Research center

47 bld de l'Hôpital
75651 Paris
Alexis Brice


Université Pierre et Marie Curie
Université Pierre et Marie Curie


Phone: 01 44 27 25 85
UMRS 1127 UMR 7225
IHU A-ICM, Institut Carnot ICM Hôpital Pitié Salpêtrière

Mots clefs

syndrome Gilles de la Tourette
ganglions de la base


Welter ML, Grabli D, Karachi C, Jodoin N, Fernandez-Vidal S, Brun Y, Navarro S, Rogers A, Cornu P, Pidoux B, Yelnik J, Roze E, Bardinet E, Vidailhet M. Pallidal activity in myoclonus dystonia correlates with motor signs. Mov Disord. 2015 Apr 16. doi: 10.1002/mds.26244. 

Nalls MA, et al. Large-scale meta-analysis of genome-wide association data identifies six new risk loci for Parkinson's disease. Nat Genet. 2014 Sep;46(9):989-93. doi: 10.1038/ng.3043. Epub 2014 Jul 27.

García-Lorenzo D, Longo-Dos Santos C, Ewenczyk C, Leu-Semenescu S, Gallea C, Quattrocchi G, Pita Lobo P, Poupon C, Benali H, Arnulf I, Vidailhet M, Lehericy S. (2013) The coeruleus/subcoeruleus complex in rapid eye movement sleep behaviour disorders inParkinson's disease. Brain. 136:2120-9

Nelson M, Bosch C, Venance L, Pouget P. (2013) Microscale inhomogeneity of brain tissue distorts electrical signal propagation. J.Neuroscience 33:2821-7. (IF=7.12)

Corvol JC, Bonnet C, Charbonnier-Beaupel F, Bonnet AM , Roze E, Melyksekian G, Ben Djebara M, Hartmann A, Lacomblez L, Vrignaud C, Zahr N, Agid Y, Costentin J, Hulot JB, Vidailhet M. The non synonymous Val258Met polymorphism in COMT gene impacts entacapone response to L-DOPA in Parkinson’s disease: a randomized cross-over clinical trial. Ann Neurol. 2011;;69:111-8. (IF=10.74)

Lehéricy S, Hartmann A, Lannuzel A, Galanaud D, Delmaire C, Bienaimée MJ, Jodoin N, Roze E, Gaymard B, Vidailhet M. Magnetic resonance imaging lesion pattern in Guadeloupean parkinsonism is distinct from progressive supranuclear palsy Source: Brain. 2010 Mar;133: 2410-2425    (IF=9.5)

 Vidailhet M, Yelnik J, Lagrange C, Fraix V, Grabli D, Thobois S, Burbaud P, Welter ML, Xie-Brustolin J, Braga MC, Ardouin C, Czernecki V, Klinger H, Chabardes S, Seigneuret E, Mertens P, Cuny E, Navarro S, Cornu P, Benabid AL, Lebas JF, Dormont D, Hermier M, Dujardin K, Blond S, Krystkowiak P, Destée A, Bardinet E, Agid Y, Krack P, Broussolle E, Pollak P; for the French SPIDY-2 Study Group Bilateral pallidal deep brain stimulation for the treatment of patients with dystonia-choreoathetosis cerebral palsy: a prospective pilot study Lancet Neurol 8 (8): 709-17, 2009. (IF=18.12)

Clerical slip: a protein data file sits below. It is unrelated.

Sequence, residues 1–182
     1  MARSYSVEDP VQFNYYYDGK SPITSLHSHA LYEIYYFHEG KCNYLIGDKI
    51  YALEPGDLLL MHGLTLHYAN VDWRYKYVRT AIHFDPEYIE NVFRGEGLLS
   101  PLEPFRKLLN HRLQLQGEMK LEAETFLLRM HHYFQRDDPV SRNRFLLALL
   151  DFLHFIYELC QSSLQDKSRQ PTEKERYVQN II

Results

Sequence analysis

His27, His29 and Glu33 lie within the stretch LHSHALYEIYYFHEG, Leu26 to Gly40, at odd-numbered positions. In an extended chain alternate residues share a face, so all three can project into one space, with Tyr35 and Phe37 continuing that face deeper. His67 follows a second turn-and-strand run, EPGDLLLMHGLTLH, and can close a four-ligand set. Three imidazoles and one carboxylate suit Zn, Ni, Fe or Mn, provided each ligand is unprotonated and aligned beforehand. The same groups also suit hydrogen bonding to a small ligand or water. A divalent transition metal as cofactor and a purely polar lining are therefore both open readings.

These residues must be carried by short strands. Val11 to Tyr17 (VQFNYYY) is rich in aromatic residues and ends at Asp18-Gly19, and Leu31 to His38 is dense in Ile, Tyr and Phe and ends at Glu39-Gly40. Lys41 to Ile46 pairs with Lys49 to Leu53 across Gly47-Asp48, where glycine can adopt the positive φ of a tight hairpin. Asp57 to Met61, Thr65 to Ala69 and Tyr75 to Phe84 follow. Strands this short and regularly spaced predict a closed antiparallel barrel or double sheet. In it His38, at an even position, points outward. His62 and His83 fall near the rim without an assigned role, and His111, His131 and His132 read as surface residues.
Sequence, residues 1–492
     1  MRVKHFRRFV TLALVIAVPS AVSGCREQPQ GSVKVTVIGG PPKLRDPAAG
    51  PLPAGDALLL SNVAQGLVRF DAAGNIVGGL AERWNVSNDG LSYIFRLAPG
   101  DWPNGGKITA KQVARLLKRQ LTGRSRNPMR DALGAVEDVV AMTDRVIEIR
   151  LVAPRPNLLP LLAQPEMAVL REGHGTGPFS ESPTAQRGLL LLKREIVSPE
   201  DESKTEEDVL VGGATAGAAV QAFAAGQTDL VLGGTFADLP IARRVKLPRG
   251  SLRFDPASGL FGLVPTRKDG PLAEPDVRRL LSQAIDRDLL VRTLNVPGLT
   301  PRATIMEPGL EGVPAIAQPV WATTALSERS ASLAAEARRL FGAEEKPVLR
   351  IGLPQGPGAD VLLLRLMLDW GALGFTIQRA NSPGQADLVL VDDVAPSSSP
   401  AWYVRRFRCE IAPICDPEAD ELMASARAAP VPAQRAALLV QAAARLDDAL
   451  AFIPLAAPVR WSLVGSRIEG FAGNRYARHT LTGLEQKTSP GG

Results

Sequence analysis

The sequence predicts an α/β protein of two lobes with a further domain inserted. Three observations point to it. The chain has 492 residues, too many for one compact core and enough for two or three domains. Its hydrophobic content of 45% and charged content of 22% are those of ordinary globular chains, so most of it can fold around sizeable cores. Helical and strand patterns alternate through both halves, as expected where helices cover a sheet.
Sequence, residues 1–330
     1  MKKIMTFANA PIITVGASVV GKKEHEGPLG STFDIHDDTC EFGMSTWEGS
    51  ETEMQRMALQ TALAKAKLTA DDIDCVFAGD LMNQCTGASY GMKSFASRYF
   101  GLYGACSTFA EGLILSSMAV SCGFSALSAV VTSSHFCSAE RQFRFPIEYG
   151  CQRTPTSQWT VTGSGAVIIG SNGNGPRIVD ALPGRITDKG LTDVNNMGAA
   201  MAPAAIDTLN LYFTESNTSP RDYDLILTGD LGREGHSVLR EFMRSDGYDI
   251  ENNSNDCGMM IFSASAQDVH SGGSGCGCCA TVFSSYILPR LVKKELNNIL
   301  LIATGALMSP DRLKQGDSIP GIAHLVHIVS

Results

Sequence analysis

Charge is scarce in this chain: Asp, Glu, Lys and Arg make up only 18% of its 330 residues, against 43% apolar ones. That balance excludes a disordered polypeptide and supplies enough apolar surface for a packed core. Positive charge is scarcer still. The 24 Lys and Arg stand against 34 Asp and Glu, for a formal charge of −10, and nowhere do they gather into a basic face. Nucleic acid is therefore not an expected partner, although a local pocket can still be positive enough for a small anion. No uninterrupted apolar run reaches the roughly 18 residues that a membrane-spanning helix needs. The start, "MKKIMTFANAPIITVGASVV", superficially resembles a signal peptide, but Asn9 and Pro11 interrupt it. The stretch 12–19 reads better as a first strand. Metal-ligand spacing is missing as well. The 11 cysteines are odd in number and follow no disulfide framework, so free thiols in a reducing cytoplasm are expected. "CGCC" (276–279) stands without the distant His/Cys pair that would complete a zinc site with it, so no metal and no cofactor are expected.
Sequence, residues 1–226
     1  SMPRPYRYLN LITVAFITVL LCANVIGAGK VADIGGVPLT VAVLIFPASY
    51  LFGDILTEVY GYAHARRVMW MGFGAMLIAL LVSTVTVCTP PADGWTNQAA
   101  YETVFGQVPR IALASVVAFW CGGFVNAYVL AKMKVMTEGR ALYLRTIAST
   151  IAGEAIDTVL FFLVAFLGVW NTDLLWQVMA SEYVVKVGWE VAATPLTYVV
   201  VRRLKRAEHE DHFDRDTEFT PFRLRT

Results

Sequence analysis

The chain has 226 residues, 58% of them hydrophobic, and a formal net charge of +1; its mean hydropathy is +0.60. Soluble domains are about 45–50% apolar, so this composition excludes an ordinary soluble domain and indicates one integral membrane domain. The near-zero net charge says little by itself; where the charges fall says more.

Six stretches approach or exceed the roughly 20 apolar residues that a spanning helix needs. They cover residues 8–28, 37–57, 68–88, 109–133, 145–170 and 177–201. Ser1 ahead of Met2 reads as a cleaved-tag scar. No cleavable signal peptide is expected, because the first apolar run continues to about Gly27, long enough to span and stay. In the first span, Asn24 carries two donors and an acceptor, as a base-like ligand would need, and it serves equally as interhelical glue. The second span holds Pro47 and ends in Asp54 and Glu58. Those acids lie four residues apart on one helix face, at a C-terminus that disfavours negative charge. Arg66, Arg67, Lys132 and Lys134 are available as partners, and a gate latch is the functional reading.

Fields of research

Neurophysiology / systems neuroscience

Research Theme

Our main research topic is the physiological analysis of both subcortical and cortical brain structures involved in the control of normal and abnormal movements. Dystonia, Gilles de la Tourette syndrome (GTS) and Parkinson’s disease (PD) will be taken as models of basal ganglia dysfunction. The implication of basal ganglia in movement disorders will be analysed by a multimodal approaches in relation with basic science groups and access to platforms (CENIR-imaging; neurophysiology laboratory, functional neurosurgery team and sleep lab). Dystonia is considered as a model of abnormal cortico-striatal integration and GTS as a model of dysfunctional motor and limbic loops. Both pathologies will be explored with similar experimental MRI paradigms in order to detect morphological and biochemical abnormalities (DTI, VBM, spectroscopy). Experimental therapeutic strategies will be developed in two directions with strong clinical implications: a) multiple electrodes neurostimulation in dystonia may increase the improvement of disability. In addition, the targeting of multiples structures (STN, Cm, GPi) within the basal ganglia are potent tools to probe the reactivity of cortico-basal ganglia loops. b) in PD, the aim is to develop pilot pharmacological studies with a combination of potentially neuroprotective compounds, with the hope to target pathways relevant to PD pathogenesis such as oxidative stress, neuroinflammation and mitochondrial function (based on close collaborations with basic science groups involved in research on chronic neurodegenerative diseases). Further, the basal ganglia are also involved in sleep disorders, especially in PD and other parkinsonian syndromes: in previous studies we showed that severe sleepiness in PD is considered a secondary narcolepsy. In line with this result, a selective loss of orexin-positive neurons in PD has been found. We intend to study the mechanisms of sleepiness in PD with 3 main questions: a) the role of sleep apneas in diurnal sleepiness; b) the role of PGP pump polymorphisms on sleepiness induced by dopaminergic agonists; c) the increase of histamine liberation with anti-H3 drugs and the role of these drugs on sleep and motor functioning. REM sleep behaviour disorders (abnormal behaviours while dreaming –acted dreams-) may develop prior to the appearance of PD and are observed in more than 50% of PD patients. We have demonstrated the restoration motor function during RBD (dreams in the absence of normal atonia related to locus sub-coeruleus lesions) in PD and will explore the mechanisms of this normalisation. Finally, at the cortical level, our studies will be centred on the roles of fronto-median areas, supplementary motor area (SMA), pre-SMA, supplementary eye field and cingulate motor areas, and we will use complex eye movement paradigms in order to test processes such as error monitoring, task set inertia or task set reconfiguration. These areas will be selectively and reversibly inactivated with muscimol injections in primates, and by rTMS in humans. The role of their subcortical connections will be analysed in a second phase in parkinsonism and Gilles de la Tourette syndrome.